In most states, a "wrongful death" occurs when someone dies due to the intentional action or negligence of another person or company. For obvious practical reasons, and for a few not-so-obvious legal ones, the law does not allow a deceased person (called a “decedent” in legalese) to file a lawsuit for damages. Instead, another person must usually bring the legal action in civil court, and it typically takes the form of a wrongful death lawsuit. In essence, a wrongful death lawsuit seeks a civil remedy (in the form of monetary damages) against a person or company who played a role in the death of the decedent.
Depending on Where you Live, Different People Can Bring the Lawsuit
Because the law states that a deceased person cannot file the lawsuit, that leaves us with the question, Who can file a wrongful death lawsuit? The answer typically depends on the state where the decedent lived.
Each state has its own set of laws controlling wrongful death claims, and the legal and procedural rules vary from state to state:
- Each state allows a wrongful death claim to be filed by immediate family members.
- Typically, if the decedent was married, a surviving spouse brings the lawsuit.
- If the decedent was an adult, some states also allow an adult child to bring the lawsuit.
- If the decedent is a minor child, a parent usually brings the lawsuit.
- Some states allow one member of a civil union or domestic partnership to bring a wrongful death lawsuit on behalf of their partner.
- If the decedent is a single adult, most states also allow more distant family members -- such as grandparents, siblings, or aunts or uncles -- to file the lawsuit.
Sometimes disputes arise between family members over the question of which family member will file the lawsuit. Courts will typically allow only a single wrongful death lawsuit on behalf of a decedent. If two or more lawsuits are filed, the court will probably consolidate all of those claims into a single lawsuit.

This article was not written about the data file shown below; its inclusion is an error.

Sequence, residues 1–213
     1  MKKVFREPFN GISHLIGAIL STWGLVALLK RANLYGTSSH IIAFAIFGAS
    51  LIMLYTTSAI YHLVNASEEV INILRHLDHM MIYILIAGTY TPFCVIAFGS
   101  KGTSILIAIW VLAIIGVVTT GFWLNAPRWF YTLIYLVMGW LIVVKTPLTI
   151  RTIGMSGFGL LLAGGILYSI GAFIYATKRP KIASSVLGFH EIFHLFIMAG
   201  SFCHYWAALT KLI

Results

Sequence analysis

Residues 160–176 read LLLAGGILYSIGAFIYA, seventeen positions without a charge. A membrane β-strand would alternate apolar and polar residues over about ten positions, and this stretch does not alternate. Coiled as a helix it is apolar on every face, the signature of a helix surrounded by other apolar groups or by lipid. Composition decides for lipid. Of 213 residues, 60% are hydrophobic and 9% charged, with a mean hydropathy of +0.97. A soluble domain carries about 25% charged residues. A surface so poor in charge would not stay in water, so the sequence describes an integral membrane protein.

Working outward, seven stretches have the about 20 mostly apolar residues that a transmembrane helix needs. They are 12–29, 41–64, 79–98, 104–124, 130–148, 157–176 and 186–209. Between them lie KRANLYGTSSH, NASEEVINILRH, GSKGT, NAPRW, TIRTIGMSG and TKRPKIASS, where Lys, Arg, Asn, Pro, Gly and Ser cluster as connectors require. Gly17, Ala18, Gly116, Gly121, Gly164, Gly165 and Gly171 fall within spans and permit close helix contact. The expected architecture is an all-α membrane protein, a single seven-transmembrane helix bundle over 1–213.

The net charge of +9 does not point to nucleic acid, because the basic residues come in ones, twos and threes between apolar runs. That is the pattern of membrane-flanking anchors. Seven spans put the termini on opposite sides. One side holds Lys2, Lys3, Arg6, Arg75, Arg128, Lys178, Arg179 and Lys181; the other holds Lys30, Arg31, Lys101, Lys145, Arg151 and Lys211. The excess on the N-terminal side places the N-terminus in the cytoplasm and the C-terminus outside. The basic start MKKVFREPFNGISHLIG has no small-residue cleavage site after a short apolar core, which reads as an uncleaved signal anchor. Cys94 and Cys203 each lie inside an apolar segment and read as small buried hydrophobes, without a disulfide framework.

What If the Decedent Had a Will?
Determining who has the right to bring a wrongful death lawsuit can also depend on whether the decedent had a will. If a person dies with a will, a court will usually appoint an executor or personal representative to administer the estate. In most states, if the court appoints an executor or personal representative, that executor or personal representative has the sole right to bring a wrongful death lawsuit on behalf of the decedent.
How Quickly Must a Wrongful Death Lawsuit Be Filed?
Each state has a law known as a statute of limitations, and this law sets a time limit on the right to file a wrongful death lawsuit.
The length of the time period varies, but no state has a wrongful death statute of limitations deadline that is shorter than one year, and the "clock" usually starts running from the date of the decedent's death in most cases. The only situation where you might need to take legal action for a wrongful death claim would be where the government or an employee of the government played a role in causing the decedent's death. In those cases, you might need to file a "notice of claim" or some similar documentation with the government within as few as 90 days.
In rare cases, depending on the circumstances surrounding the death, the deadline may be extended (or "tolled" in legalese).
Bottom line: If you wait too long to file a wrongful death lawsuit, or if you fail to comply with any pre-lawsuit notice requirements in rare cases where the government could be liable for the death, you could lose you right to a legal remedy for the decedent's death. If you've got questions, an experienced attorney will have the answers.